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New project wants to raise the bar in protected cultivation

Conventional greenhouse practices are optimised for growing warm-climate crops such as tomatoes and peppers. When attempting to grow cooler-climate crops such as lettuce, production, and quality challenges arise due to the diminished light exposure, warm air temperature, and increased humidity.

As a result, production of such crops remains primarily in open fields, where exposure to extreme weather conditions, pests, and diseases has a major impact on cultivation and ultimately yield.


Funded by Defra through The Farming Innovation Programme and delivered via Innovate UK, the consortium is comprised of a diverse team: Crystal Heart Salad Company Ltd, the University of Nottingham, the University of Hull, Durham University, and Crop Health and Protection (CHAP).


This 21-month project will focus on designing a cutting-edge greenhouse that optimises natural light exposure for enhanced crop growth. By employing novel heating, ventilation, and air conditioning (HVAC) principles and technologies, the resulting climate within the structure will closely resemble outdoor conditions with regard to air temperature and humidity.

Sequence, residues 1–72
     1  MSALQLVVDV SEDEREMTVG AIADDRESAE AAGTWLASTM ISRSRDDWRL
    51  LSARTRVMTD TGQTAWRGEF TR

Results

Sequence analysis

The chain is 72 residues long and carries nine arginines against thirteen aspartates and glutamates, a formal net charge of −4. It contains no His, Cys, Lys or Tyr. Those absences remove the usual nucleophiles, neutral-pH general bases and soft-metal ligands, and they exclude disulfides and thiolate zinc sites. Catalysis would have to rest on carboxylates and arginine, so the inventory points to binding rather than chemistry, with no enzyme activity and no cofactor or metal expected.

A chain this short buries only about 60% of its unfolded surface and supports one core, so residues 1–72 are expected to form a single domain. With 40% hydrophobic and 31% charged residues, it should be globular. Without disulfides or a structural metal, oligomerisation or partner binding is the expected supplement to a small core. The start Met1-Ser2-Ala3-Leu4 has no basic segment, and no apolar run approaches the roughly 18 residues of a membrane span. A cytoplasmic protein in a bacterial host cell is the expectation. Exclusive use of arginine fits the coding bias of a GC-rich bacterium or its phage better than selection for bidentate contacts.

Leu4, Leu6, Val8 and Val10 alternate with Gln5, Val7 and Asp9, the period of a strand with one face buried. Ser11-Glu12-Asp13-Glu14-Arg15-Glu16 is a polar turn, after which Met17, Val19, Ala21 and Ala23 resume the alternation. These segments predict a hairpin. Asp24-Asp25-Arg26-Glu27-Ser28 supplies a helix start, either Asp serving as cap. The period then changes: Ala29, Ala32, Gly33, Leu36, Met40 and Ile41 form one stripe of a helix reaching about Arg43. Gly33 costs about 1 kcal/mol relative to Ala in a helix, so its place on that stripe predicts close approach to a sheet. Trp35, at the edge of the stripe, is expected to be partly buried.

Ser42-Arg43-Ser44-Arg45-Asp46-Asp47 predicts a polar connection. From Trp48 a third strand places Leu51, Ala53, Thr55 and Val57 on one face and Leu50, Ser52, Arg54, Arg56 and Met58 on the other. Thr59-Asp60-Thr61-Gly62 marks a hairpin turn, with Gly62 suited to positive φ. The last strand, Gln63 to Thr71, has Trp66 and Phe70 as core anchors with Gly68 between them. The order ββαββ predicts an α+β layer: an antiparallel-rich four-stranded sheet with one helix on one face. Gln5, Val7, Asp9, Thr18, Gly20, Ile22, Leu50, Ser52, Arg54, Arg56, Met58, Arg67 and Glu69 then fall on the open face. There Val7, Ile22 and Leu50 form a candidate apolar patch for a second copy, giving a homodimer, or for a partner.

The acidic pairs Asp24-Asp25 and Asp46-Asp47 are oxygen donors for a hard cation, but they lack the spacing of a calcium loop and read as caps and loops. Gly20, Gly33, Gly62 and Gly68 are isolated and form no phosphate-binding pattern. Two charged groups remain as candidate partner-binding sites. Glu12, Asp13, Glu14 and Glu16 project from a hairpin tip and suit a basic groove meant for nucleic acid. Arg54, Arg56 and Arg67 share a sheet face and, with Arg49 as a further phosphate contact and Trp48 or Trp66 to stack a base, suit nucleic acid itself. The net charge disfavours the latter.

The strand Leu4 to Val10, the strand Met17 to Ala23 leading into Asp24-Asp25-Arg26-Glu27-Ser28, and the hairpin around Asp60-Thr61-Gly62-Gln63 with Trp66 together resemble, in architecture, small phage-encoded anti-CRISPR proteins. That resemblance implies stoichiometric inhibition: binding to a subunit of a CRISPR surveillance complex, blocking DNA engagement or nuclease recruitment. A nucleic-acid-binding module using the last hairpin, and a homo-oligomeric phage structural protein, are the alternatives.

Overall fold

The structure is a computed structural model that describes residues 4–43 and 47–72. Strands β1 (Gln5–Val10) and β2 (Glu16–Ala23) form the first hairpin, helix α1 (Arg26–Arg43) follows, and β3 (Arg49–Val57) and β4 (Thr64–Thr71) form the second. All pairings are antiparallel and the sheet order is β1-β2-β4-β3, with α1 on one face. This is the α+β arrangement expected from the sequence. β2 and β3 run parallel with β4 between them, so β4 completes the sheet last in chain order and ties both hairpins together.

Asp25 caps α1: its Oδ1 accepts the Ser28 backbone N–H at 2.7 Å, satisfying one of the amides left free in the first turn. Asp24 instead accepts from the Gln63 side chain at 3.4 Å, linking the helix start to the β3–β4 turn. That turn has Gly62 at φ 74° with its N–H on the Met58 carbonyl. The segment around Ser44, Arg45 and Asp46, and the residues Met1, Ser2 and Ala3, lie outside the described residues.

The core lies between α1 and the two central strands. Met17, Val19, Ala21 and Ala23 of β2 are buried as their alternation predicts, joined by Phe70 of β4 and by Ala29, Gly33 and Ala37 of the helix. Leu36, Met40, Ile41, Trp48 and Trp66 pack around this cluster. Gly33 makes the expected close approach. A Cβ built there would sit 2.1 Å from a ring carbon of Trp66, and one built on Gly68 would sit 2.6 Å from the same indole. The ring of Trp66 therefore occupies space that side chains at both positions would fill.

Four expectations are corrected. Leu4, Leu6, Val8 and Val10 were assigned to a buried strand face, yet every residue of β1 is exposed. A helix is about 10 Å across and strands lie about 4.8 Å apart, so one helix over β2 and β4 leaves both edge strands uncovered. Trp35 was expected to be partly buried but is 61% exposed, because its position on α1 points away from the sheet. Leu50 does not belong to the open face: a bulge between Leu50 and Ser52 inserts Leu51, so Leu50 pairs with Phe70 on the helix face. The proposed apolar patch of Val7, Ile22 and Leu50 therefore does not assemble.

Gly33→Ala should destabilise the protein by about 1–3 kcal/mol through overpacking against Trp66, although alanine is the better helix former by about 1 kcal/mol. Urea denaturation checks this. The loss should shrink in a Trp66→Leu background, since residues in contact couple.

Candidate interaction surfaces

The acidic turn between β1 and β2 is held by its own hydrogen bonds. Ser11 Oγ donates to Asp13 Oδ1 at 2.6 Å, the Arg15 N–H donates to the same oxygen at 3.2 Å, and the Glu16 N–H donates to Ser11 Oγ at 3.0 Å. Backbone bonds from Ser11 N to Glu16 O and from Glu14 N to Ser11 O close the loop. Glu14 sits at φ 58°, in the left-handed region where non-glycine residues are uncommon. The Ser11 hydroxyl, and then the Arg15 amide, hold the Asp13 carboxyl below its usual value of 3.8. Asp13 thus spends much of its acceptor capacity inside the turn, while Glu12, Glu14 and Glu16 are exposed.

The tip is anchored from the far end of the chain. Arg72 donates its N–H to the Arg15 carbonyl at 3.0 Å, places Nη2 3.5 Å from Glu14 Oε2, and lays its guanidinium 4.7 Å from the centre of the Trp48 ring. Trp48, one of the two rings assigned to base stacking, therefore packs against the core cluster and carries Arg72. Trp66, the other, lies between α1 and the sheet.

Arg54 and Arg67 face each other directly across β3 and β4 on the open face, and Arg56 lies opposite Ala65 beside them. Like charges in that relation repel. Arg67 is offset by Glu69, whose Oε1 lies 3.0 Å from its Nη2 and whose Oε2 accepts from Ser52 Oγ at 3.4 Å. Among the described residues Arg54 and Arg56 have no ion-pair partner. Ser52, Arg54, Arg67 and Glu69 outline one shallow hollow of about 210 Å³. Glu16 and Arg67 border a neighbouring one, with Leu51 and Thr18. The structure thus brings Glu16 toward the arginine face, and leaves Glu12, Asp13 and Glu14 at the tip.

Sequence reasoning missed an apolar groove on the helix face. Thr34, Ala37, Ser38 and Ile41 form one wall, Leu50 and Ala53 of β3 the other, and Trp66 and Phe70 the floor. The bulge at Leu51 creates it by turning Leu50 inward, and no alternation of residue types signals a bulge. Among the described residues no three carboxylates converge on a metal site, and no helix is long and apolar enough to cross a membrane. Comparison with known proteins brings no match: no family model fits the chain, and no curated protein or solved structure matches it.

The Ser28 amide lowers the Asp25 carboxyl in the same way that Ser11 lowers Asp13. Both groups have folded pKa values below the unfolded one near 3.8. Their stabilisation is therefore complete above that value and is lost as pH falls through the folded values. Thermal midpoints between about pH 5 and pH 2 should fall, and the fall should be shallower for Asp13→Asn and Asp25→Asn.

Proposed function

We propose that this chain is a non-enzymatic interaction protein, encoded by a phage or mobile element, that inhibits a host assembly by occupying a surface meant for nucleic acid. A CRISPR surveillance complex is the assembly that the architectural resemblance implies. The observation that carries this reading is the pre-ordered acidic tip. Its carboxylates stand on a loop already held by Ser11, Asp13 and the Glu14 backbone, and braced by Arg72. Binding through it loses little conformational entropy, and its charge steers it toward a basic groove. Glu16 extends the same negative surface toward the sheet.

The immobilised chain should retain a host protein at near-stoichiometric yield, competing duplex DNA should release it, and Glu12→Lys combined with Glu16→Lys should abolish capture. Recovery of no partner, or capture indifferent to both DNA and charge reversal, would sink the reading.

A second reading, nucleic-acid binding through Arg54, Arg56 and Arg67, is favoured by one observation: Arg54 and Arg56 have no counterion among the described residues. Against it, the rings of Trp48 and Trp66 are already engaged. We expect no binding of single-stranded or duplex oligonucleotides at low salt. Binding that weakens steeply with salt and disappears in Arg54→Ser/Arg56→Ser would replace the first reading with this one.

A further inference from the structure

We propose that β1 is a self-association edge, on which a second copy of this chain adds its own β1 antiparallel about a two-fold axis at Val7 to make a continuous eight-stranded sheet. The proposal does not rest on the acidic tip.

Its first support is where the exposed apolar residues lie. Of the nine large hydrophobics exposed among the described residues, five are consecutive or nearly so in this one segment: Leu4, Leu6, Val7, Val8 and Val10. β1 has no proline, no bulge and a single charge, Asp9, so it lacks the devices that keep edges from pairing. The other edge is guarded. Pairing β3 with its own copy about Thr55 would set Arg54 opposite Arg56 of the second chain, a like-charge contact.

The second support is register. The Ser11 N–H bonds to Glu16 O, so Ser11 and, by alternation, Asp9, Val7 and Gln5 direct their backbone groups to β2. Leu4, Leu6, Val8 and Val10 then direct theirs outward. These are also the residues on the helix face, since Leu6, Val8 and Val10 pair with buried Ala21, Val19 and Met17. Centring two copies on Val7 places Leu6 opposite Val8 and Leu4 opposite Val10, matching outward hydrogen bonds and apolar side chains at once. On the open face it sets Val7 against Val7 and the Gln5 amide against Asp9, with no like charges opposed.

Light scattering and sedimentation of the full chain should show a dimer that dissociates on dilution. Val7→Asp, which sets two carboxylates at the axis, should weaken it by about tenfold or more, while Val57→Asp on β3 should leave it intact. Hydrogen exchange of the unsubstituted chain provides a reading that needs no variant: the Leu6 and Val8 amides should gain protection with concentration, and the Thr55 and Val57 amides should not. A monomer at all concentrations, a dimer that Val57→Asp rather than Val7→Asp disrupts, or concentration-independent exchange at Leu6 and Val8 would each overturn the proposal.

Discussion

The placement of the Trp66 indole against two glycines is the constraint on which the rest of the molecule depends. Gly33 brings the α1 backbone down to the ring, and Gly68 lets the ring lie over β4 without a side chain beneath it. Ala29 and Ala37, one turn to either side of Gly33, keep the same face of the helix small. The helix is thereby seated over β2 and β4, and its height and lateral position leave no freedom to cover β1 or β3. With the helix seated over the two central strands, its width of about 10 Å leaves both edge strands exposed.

By addressing the challenges linked to light exposure, temperature, and humidity, the project will be able to establish a robust platform that enables year-round cultivation of lettuce and a wide range of horticultural crops in typical English weather conditions.


James Bean, Managing Director at Crystal Heart Salad Company, who are leading the project, said: “We look forward to collaborating with expert research organizations to prototype a novel closed greenhouse that we hope will represent the future of protected cultivation.


“For growers, this solution will ultimately mean less risk and uncertainty, coupled with the ability for greater control over inputs across extending cropping seasons.”


The work will aim to provide physical validation of the novel greenhouse structure and HVAC systems as well as identify conditions for scaling up in a commercial setting. This innovative system offers unparalleled climate control compared to traditional greenhouses and presents opportunities for implementing further novel functionalities.


Dr Harry Langford, Innovation Network Lead at CHAP, added: “The system is ingeniously designed with sustainability at its core and the need to reduce carbon emissions.


“The energy management systems are developed to seamlessly integrate with renewable sources, which in turn provides a fantastic opportunity to cultivate a variety of crops under protective cover.


“We are confident that by collaboratively working alongside our industrial and academic partners, this project can provide a real step-change in enhancing profitability for growers while reducing energy and resource consumption.”


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